This genus is common in the Mediterranean, and highly esteemed by the ancient Romans. It is abundantly represented in tropical and subtropical seas, especially in rocky parts or on coral reefs. In the majority, a long fin runs from the head along the back, round the tail to the vent, but all are destitute of pectoral and ventral fins. The skin is scaleless and smooth, in many species ornamented with varied and bright colours, so that these fishes are frequently mistaken for snakes.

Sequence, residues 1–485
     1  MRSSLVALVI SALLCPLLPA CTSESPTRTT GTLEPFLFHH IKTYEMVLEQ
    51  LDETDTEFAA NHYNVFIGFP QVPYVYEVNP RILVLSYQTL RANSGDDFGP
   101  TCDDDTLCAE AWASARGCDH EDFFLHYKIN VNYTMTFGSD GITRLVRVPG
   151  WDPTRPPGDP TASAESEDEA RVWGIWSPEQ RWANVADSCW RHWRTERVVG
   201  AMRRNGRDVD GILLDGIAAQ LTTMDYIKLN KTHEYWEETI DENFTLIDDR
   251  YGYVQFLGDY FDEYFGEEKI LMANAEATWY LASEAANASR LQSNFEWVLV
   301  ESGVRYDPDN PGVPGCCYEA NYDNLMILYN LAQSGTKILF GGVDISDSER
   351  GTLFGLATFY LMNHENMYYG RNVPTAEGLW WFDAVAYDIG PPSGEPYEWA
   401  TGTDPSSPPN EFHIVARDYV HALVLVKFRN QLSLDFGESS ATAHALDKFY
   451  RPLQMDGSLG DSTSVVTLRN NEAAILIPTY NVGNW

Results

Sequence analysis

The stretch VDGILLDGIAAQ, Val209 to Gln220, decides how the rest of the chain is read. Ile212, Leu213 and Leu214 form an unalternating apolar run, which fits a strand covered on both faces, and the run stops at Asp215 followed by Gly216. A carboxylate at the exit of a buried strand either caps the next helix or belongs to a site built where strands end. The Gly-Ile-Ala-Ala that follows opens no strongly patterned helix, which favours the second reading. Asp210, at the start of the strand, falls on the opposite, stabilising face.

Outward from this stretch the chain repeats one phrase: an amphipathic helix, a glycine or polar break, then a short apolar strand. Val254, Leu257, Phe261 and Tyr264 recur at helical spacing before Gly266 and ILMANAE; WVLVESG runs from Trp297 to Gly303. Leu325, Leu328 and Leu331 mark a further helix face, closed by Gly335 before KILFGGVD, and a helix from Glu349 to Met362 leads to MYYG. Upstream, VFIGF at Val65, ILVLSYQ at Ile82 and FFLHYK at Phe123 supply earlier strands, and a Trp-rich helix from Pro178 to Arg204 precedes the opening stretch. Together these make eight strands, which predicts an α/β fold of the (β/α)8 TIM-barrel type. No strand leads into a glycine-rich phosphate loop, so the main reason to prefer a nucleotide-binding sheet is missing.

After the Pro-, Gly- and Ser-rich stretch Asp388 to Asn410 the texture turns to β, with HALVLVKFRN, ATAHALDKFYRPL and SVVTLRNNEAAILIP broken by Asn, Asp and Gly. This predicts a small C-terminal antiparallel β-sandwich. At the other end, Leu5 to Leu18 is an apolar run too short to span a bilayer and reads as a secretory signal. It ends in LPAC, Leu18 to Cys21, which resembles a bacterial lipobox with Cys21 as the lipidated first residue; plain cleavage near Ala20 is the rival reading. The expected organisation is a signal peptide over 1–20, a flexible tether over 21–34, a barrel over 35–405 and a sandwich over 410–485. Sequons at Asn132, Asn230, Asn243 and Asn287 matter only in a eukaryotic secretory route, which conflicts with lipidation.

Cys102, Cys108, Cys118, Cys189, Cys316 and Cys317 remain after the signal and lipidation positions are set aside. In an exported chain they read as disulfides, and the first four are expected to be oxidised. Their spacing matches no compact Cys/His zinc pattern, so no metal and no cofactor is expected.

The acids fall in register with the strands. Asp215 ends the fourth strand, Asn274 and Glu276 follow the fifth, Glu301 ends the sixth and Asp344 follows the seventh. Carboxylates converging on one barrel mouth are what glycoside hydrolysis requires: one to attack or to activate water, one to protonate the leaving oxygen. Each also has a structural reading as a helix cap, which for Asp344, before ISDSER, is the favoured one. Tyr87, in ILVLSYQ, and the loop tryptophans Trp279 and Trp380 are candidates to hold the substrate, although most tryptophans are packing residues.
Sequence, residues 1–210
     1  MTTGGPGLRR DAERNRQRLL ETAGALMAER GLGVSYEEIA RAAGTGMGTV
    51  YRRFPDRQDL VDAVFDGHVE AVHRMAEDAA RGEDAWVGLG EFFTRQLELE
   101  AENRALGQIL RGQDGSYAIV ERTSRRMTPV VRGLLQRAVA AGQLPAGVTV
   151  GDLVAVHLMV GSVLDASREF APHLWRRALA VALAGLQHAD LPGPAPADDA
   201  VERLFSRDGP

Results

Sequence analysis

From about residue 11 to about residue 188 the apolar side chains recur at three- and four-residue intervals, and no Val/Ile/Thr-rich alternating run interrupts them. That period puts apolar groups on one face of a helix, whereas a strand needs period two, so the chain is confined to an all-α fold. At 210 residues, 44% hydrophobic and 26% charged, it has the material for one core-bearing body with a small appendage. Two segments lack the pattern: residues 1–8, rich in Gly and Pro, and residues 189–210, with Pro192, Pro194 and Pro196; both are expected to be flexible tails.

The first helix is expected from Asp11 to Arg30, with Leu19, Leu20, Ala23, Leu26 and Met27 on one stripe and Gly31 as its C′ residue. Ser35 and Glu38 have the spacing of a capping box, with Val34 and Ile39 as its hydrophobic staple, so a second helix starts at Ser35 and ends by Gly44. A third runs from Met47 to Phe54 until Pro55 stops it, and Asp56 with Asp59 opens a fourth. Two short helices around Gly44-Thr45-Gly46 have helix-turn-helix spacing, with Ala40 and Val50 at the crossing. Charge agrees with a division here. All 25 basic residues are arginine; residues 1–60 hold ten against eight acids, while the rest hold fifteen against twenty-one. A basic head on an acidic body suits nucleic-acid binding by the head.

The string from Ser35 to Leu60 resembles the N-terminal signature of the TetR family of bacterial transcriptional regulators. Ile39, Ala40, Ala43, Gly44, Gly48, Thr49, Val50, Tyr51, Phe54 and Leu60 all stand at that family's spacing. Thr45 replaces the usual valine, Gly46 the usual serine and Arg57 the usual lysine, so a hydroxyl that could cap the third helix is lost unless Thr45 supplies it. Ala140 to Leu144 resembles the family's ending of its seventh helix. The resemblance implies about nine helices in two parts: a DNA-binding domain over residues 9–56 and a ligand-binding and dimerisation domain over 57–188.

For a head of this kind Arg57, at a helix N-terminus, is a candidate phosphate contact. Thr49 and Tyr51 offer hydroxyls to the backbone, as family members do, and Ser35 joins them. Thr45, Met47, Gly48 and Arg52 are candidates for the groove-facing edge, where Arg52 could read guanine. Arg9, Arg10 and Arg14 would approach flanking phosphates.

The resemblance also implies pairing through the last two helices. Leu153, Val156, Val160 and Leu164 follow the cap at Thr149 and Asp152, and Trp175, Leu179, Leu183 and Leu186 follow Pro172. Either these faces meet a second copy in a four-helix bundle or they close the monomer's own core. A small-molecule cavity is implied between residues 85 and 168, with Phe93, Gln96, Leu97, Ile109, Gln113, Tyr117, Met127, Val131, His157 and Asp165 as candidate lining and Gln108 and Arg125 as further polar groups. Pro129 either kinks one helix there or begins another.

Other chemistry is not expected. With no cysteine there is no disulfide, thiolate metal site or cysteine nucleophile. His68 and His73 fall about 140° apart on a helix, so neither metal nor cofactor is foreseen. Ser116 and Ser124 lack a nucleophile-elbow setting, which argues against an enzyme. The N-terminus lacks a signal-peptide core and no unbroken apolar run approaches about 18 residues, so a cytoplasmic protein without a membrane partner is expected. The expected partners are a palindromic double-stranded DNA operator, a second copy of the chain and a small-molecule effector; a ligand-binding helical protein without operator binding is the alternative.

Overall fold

The mouth is wide, the jaws strong and armed with formidable, generally sharply pointed, teeth, which enable the Muraena not only to seize its prey (which chiefly consists of other fishes) but also to inflict serious, and sometimes dangerous, wounds on its enemies. It attacks persons who approach its places of concealment in shallow water, and is feared by fishermen. At least one species, Muraena retifera, possesses an additional 'raptorial pharyngeal jaw' within the pharynx, which is mobile and can be thrust forwards quickly to assist in grasping prey.